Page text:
Apache Spark Multi-node setup

In this article, I’d be showing how to setup a 2-node Spark cluster. (i.e., a master and a slave/worker node)

Download the suitable distribution from Apache’s Spark website (select the version and the package type you’d want).

export SPARK_HOME=/ebs/apps/spark

export SPARK_HOME=/ebs/apps/spark
Enable ssh connectivity between master and slaves.

sudo apt-get install openssh-server
Configure Spark from commandline options. Following are the options for Spark master:
 -i HOST, --ip HOST Hostname to listen on (deprecated, please use --host or -h)
 -h HOST, --host HOST Hostname to listen on
 -p PORT, --port PORT Port to listen on (default: 7077)
 --webui-port PORT Port for web UI (default: 8080)
 --properties-file FILE Path to a custom Spark properties file.
 Default is conf/spark-defaults.conf.

More details here.

Set master node host IP to: 0.0.0.0

This bind IP enables connectivity from anywhere.

Master:

./sbin/start-master.sh -h 0.0.0.0

Slave:

./sbin/start-slave.sh spark://<master-hostname-ip>:7077
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Run Apache Spark on Windows (yeah, I know!)

Download the suitable distribution from Apache’s Spark website (select the version and the package type you’d want).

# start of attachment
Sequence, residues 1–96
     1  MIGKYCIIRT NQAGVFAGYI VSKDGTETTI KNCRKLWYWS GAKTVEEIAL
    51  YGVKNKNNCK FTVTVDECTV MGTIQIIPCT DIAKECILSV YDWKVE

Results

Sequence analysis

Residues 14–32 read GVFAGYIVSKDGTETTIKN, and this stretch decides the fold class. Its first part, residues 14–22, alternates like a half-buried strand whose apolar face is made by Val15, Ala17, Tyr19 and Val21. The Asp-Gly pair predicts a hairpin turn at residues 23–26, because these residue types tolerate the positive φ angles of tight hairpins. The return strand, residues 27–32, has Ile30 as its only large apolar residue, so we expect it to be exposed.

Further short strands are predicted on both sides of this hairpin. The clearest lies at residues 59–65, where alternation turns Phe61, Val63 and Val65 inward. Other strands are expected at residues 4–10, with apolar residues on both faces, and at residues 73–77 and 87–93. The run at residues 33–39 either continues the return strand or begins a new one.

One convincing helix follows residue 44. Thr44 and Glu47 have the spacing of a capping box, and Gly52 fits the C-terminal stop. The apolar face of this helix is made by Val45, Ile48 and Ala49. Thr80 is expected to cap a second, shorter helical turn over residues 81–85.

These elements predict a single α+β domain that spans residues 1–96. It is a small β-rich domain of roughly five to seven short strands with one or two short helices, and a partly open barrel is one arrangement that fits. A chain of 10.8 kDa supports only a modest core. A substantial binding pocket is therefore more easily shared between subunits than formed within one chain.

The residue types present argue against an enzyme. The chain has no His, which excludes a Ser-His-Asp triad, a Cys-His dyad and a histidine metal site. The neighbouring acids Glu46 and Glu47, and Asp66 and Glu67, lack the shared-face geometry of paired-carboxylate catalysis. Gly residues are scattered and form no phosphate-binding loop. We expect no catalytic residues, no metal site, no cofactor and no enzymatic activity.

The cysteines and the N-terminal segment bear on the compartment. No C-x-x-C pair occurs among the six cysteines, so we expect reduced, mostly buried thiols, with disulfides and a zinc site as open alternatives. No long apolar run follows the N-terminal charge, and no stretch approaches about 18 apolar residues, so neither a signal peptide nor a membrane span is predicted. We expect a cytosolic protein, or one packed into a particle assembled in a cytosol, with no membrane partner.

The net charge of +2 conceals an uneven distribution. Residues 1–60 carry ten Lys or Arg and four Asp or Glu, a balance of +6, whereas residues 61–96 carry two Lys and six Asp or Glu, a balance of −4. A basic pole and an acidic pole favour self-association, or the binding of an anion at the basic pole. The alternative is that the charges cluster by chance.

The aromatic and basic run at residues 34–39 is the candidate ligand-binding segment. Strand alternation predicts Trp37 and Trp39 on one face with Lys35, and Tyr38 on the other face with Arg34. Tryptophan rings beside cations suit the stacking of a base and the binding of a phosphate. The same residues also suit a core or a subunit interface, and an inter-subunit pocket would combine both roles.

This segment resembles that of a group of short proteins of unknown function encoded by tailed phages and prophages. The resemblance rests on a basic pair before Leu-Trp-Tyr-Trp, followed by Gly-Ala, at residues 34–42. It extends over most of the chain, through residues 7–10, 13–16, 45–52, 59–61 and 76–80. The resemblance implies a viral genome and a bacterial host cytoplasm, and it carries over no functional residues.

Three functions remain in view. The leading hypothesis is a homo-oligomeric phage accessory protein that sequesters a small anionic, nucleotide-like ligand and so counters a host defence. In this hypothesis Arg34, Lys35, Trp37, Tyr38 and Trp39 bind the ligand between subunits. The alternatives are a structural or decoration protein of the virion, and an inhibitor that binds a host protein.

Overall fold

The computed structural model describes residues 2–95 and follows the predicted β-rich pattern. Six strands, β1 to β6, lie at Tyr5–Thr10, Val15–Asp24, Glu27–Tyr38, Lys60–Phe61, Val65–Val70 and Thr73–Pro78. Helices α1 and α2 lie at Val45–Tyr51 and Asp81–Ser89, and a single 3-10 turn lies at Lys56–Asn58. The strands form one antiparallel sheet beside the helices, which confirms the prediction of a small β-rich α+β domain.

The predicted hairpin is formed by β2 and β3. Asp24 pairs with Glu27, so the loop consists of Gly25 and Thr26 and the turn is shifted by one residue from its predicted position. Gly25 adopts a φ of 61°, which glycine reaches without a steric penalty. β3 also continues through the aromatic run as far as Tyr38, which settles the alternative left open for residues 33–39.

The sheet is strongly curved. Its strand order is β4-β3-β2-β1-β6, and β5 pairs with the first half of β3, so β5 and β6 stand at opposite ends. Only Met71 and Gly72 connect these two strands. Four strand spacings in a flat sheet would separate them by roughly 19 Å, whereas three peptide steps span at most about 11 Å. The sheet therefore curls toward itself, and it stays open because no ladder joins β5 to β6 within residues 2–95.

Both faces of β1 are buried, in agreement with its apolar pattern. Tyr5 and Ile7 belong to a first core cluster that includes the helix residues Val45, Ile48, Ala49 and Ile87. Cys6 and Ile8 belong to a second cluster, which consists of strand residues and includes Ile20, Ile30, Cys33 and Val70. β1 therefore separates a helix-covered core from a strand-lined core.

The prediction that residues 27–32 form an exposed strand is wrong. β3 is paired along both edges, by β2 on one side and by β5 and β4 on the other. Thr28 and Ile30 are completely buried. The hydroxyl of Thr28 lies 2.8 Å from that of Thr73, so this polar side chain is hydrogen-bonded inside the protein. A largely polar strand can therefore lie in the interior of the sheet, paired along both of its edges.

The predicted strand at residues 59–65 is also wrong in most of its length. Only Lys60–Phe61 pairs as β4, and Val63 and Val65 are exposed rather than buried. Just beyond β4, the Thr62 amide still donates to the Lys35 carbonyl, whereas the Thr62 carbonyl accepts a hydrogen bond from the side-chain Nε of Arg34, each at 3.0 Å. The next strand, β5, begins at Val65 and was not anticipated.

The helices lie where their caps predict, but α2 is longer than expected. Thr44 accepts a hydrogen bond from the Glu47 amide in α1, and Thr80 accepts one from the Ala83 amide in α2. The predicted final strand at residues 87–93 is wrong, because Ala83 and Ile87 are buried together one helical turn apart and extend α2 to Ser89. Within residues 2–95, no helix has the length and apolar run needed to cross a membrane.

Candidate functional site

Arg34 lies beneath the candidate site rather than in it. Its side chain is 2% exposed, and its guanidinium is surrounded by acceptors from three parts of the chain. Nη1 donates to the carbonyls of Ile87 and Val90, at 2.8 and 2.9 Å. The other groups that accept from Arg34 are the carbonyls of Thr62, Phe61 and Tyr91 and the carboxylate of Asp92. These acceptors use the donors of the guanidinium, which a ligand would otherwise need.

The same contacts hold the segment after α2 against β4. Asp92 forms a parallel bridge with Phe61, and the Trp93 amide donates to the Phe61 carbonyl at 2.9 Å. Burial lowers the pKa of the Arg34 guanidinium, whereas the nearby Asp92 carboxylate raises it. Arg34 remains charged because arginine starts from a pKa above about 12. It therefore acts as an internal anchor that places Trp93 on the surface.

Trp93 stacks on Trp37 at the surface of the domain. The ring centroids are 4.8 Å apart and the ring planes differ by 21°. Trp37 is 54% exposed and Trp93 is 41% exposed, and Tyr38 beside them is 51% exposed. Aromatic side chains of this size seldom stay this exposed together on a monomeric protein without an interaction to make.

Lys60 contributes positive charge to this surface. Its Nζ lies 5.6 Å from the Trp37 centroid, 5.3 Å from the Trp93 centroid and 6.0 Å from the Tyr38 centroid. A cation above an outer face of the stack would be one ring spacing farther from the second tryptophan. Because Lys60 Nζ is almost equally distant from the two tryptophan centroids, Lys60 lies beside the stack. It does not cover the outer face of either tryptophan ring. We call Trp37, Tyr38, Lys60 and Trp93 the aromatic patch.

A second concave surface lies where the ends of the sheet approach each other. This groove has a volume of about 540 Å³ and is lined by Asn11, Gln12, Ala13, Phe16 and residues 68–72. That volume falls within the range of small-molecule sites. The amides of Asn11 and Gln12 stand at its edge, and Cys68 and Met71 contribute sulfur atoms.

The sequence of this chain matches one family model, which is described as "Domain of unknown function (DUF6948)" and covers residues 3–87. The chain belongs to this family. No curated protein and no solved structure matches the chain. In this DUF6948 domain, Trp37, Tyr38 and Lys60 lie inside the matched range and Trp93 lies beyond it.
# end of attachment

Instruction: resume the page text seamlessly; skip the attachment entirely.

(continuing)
Download winutils.exe from here or here.

Place it in a directory (Maybe, C:/Hadoop/bin/winutils.exe), go to the directory containing winutils.exe and run the following command.

winutils.exe chmod 777 /tmp/hive

You need to set environment variables HADOOP_HOME and spark.driver.host before you proceed further.

Set HADOOP_HOME = C:/Hadoop (Note: winutils.exe is taken from %HADOOP_HOME%/bin, so point HADOOP_HOME just to the root directory)

spark-setup1

Set spark.driver.host=localhost

spark-setup2

Run <your-spark-directory>/bin/spark-shell.cmd

Run this in your browser!

http://localhost:4040/

For testing Spark, create a file called test.json and add the following data into it.

{
    "glossary": {
        "title": "example glossary",
		"GlossDiv": {
            "title": "S",
			"GlossList": {
                "GlossEntry": {
                    "ID": "SGML",
					"SortAs": "SGML",
					"GlossTerm": "Standard Generalized Markup Language",
					"Acronym": "SGML",
					"Abbrev": "ISO 8879:1986",
					"GlossDef": {
                        "para": "A meta-markup language, used to create markup languages such as DocBook.",
						"GlossSeeAlso": ["GML", "XML"]
                    },
					"GlossSee": "markup"
                }
            }
        }
    }
}

Run the following commands in Spark shell in sequence and test it:


val sc: SparkContext // An existing SparkContext.
val sqlContext = new org.apache.spark.sql.SQLContext(sc)

val df = sqlContext.read.json("path/test.json")

// Displays the content of the DataFrame to stdout
df.show()

References: